UFRJ Optics Group Seminar: Jörg Schmiedmayer (VQC Viena) 21/10/2013 15hs, Sala 343

Does an isolated quantum system relax ?
Jörg Schmiedmayer
Vienna Center for Quantum Science and Technology (VCQ), Atominstitut, TU-Wien

Understanding non-equilibrium dynamics of many-body quantum systems is crucial for many fundamental and applied physics problems ranging from de-coherence and equilibration to the development of future quantum technologies such as quantum computers which are inherently non-equilibrium quantum systems.

One of the biggest challenges in probing non-equilibrium dynamics of many-body quantum systems is that there is no general approach to characterize the resulting quantum states. Using the full distribution functions of a quantum observable [1,2], and the full phase correlation functions allows us to study the relaxation dynamics in one-dimensional quantum systems and to characterize the underlying many body states.

Interfering two isolated one-dimensional quantum gases we study how the coherence created between the two many body systems by the splitting process slowly dies by coupling to the many internal degrees of freedom available. Two distinct regimes are clearly visible: for short length scales the system is characterized by spin diffusion, for long length scales by spin decay [3]. The system approaches a pre-thermalized state [4], which is characterized by thermal like distribution functions but exhibits an effective temperature over five times lower than the kinetic temperature of the initial system.  A detailed study of the correlation functions reveals that these thermal-like properties emerge locally in their final form and propagate through the system in a light-cone-like evolution [5].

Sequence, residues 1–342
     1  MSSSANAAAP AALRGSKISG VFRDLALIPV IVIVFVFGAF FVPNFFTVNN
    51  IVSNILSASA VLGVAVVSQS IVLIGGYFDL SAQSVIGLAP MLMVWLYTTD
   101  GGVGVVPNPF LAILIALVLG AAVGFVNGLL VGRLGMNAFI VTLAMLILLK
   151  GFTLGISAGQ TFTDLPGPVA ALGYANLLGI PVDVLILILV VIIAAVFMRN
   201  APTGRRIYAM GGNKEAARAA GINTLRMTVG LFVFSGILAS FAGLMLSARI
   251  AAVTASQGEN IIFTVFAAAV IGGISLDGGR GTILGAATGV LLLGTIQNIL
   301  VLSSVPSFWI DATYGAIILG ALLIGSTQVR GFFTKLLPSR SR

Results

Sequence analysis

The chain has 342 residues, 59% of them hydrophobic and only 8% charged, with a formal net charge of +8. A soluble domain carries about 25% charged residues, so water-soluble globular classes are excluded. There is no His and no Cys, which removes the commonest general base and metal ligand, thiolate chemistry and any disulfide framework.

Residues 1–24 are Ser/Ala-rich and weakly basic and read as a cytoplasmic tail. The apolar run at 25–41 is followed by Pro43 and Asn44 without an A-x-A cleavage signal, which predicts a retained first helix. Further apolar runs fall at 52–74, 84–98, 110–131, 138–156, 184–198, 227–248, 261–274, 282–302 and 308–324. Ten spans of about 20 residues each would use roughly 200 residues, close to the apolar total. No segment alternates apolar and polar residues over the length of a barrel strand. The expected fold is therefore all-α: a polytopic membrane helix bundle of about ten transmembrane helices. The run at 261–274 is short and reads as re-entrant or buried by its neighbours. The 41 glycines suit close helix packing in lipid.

[1] A. Polkovnikov, et al. PNAS 103, 6125 (2006); V. Gritsev, et al., Nature Phys. 2, 705 (2006);
[2] S. Hofferberth et al. Nature Physics 4, 489 (2008); 
[3] M. Kuhnert et al. Phys. Rev. Lett 110, 090405 (2013).
[4] M. Gring et al., Science 337, 1318 (2012); D. Adu Smith et al. NJP 15, 075011 (2013).
[5] T. Langen et al. Nature Physics 9, 640–643 (2013).

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